Schmisek said he believes that "most of the community" is ready to move on.

"There always will be some" who will urge continued resistance to the NCAA position, he said. "But anybody who looks at the potential long-term effects of this understands that the situation is just too hurtful, internally and externally."

Shaft: We know what will happen


Grant Shaft, president of the State Board of Higher Education, said he thought Kelley "was spot on with what we're dealing with now."

After Shaft and several state leaders including Gov. Jack Dalrymple met with NCAA officials in Indianapolis Aug. 12 and failed to get the association to budge regarding the nickname, the higher education board instructed Kelley to prepare for a transition that would be substantially complete by the end of the year.

Leaders of the Big Sky Conference, who will hear a report from Kelley on the nickname situation next week in Utah, have indicated that the continuing dispute could jeopardize UND's entry into the Division I conference next year.

The Legislature plans to revisit the nickname issue during its special session in early November, and talk among members has suggested that the law passed earlier this year will be repealed or altered to turn authority over the matter to the state board.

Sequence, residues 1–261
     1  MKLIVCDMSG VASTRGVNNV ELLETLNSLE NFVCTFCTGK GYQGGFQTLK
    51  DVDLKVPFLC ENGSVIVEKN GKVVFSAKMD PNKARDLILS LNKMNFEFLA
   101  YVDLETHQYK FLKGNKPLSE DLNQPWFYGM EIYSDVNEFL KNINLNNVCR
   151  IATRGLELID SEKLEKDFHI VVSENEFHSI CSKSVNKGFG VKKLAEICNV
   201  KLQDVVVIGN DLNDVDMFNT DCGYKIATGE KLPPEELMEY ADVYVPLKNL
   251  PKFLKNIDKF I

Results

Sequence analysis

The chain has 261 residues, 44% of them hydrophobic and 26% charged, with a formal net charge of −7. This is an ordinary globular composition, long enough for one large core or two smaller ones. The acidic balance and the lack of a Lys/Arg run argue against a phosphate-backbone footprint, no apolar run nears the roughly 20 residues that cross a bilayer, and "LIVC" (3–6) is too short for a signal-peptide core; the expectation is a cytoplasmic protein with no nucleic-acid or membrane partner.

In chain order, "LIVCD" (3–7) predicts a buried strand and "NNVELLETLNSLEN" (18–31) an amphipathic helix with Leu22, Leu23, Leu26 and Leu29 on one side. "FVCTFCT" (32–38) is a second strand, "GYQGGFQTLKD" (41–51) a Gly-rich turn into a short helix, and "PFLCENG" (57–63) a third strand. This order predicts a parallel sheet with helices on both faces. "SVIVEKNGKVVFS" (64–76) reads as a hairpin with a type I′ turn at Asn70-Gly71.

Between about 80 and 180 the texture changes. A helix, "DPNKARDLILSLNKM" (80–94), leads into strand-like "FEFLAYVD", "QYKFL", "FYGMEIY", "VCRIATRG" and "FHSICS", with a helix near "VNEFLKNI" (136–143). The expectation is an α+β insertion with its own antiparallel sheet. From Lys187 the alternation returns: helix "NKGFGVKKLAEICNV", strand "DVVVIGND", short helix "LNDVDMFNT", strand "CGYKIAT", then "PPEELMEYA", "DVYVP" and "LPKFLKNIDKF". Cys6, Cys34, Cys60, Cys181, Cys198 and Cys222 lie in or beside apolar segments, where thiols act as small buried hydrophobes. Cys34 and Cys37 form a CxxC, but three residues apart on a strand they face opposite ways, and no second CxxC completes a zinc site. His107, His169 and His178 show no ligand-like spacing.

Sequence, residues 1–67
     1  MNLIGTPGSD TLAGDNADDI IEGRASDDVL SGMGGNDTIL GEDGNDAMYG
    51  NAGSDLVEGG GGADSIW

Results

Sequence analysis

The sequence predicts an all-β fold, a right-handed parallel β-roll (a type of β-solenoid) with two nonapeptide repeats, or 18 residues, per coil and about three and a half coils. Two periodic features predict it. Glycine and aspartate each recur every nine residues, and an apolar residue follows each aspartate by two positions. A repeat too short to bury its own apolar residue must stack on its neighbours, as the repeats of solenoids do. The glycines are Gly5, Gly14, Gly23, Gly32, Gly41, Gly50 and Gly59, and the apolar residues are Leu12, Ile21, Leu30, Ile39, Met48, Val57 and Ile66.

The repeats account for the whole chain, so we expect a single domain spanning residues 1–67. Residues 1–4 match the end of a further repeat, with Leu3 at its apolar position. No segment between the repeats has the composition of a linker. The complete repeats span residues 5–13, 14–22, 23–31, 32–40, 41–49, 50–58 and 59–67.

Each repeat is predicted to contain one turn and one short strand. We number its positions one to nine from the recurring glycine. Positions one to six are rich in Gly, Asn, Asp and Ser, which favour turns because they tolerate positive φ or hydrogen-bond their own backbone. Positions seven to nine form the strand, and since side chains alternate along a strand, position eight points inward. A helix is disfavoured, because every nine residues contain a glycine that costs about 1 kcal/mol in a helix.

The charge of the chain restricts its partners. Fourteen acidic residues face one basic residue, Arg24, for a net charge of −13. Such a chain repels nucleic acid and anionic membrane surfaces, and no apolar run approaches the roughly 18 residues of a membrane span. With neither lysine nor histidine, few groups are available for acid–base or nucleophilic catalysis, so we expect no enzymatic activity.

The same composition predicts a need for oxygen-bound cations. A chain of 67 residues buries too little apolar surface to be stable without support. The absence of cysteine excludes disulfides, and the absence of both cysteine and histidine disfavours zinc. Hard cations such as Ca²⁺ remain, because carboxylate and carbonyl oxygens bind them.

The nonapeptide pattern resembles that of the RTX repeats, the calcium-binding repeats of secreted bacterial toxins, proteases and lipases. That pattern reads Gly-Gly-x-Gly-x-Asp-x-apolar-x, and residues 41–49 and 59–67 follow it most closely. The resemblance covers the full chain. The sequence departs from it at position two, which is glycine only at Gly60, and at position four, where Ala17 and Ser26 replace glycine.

Some legislators have vowed to fight that effort, however, and they have the support of many nickname defenders -- including the Spirit Lake Sioux tribe, which has declared attempts to drop the nickname "a direct attack against our race, customs, traditions, culture and people."

Shaft said the opposition to retiring the nickname ignores the fact "that we no longer have options with the NCAA. We know concretely now what's going to happen" if the nickname and logo are retained.

In addition to the risk of losing affiliation with the Big Sky and potential scheduling and recruitment problems, Shaft said he believes that Notre Dame's recent decision to affiliate with Hockey East -- and not the new National Collegiate Hockey Conference that includes UND -- was due in part to UND's being on sanctions because of the ongoing nickname fight.

"To what degree, I don't know, but I believe it impacted Notre Dame's decision," he said.


Some nickname defenders have downplayed the NCAA sanctions and the likelihood of scheduling and recruitment problems that could work against the stature of UND's athletics programs.

"Some people need to see the negative results before they say, 'Oh, you're right,'" Shaft said. "But we can't risk that."

In his remarks, Kelley cited the national economic difficulties and the potential impact on funding for research as another challenge facing the university. He said UND continues to address issues of access and affordability.

"But I am optimistic," he said. The university is making progress toward its "Exceptional UND" priorities, is in "excellent financial shape" and educates students who are "well prepared to take their place in the world."